Om Mani Päme Hung
In our world today, we tend to say: “These are my parents, this is my country, this is my property etc.” From the point of view of Dharma, we look at all beings and deeply wish that they are liberated from suffering and reach enlightenment. If we generate bodhicitta in this manner, we practice bringing benefit to others. This thought is crucial not only for Dharma activities, but also for any kind of activity in our life.
If, keeping in our mind that we want to bring benefit to others, we say just one mantra ÓM MANI PÄME HUNG, it will help others achieve liberation from suffering and reach Buddhahood.
-- This teaching was given by the 16th Karmapa during his lecture at the Colorado University in 1980
Mantra Om mani päme hung in Tibetan - (source Wikipedia)
Mantra Om mani peme hung carved in the stone
Om mani padme hum (Sanskrit: ॐ मणि पद्मे हूँ) is probably the most famous mantra of Tibetan Buddhism. This mantra transforms negative emotions. Om transforms pride and egoism, Ma transforms jealousy and envy, Ni transforms attachment and selfish wishes, PÄ (PAD) transforms ignorance and confusion, ME cupidity and greed and finally Hum transforms hatred and anger. To recite this mantra, a new practitioner does not need to receive lung (empowerment or authorisation). It can be used by anybody who feels it will be beneficial for oneself and other sentient beings.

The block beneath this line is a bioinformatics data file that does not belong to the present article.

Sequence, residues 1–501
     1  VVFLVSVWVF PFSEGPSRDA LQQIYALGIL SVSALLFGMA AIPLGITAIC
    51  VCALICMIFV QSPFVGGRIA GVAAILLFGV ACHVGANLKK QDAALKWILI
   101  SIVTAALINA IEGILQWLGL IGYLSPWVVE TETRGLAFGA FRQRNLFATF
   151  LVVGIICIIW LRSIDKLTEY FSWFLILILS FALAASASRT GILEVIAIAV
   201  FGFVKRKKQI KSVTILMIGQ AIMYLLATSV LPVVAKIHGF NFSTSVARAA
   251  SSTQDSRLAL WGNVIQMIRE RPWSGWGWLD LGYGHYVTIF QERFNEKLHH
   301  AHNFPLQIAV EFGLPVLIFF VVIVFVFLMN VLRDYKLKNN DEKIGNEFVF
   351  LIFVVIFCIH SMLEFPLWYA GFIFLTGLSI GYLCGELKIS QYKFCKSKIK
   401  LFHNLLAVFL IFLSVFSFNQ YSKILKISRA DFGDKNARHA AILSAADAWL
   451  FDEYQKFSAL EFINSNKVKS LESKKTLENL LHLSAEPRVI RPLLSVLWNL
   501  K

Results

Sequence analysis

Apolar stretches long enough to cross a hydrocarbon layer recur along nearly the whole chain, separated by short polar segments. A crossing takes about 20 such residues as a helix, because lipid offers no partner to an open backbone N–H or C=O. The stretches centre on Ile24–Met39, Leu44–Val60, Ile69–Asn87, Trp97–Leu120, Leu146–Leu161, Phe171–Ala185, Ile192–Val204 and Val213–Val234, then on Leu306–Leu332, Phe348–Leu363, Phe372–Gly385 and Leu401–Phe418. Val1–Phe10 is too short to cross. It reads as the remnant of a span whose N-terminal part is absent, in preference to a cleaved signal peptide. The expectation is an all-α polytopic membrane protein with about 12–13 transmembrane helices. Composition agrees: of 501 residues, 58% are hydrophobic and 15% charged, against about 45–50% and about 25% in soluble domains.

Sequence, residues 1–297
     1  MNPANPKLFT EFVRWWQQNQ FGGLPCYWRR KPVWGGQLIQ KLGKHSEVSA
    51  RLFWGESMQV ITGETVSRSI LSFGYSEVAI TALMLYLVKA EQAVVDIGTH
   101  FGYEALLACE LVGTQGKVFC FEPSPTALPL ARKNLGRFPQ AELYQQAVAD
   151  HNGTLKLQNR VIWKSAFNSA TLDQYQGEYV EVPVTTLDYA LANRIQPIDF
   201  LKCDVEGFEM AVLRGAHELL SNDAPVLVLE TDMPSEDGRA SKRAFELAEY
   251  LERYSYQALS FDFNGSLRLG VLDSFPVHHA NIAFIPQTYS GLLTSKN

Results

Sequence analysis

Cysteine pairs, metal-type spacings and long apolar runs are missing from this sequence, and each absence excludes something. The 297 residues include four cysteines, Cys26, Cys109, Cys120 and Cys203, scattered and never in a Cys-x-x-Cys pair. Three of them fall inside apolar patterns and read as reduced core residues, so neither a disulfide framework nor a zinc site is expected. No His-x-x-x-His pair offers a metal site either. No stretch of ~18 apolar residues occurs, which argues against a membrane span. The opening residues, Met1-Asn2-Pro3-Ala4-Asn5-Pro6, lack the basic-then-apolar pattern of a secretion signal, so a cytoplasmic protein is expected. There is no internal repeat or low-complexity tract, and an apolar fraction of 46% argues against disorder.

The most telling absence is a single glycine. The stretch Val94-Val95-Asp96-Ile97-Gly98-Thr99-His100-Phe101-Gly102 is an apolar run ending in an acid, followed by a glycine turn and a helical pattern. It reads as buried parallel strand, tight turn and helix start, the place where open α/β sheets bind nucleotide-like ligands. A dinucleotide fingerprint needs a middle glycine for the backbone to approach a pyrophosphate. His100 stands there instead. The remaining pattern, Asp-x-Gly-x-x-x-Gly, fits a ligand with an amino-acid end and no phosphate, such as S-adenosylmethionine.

It is sometimes called the six-syllable mantra of the Bodhisattva of Compassion (skt. Avalokiteshvara, tib. Chenrezig). It is especially linked with his four-armed manifestation. Important figures of Tibetan Buddhism, such as Karmapas, Dalai Lamas and others are considered to be emanations of the Bodhisattva of Compassion. The mantra is often carved into rocks and stones, written on papers which are then put into prayer wheels and stupas.
From a linguistic point of view, the middle part of the mantra “manipadme” means a lotus jewel in Sanskrit (mani – jewel, padma – lotus, locative is manipadme). According to other explanations, it is a vocative of the name Manipadma, which is an epithet of the Bodhisattva Avalokiteshvara. Om and Hum are interjections in Sanskrit without any specific meaning, and the syllable OM is believed to be sacred.
In various Buddhist schools you can see various transcripts of this mantra:
Tibetan: Om mani päme hung
Chinese: 唵嘛呢叭咪吽, Ǎn Mání Bāmī Hōng
Mongolian: Ум маани бадми хум nebo Um maani badmi khum
Vietnamese: Úm ma ni bát ni hồng nebo Án ma ni bát mê hồng
Japanese: オンマニハツメイウン, On Mani Hatsumei Un
Korean: 옴 마니 파드메 훔 Om Mani Padeume Hum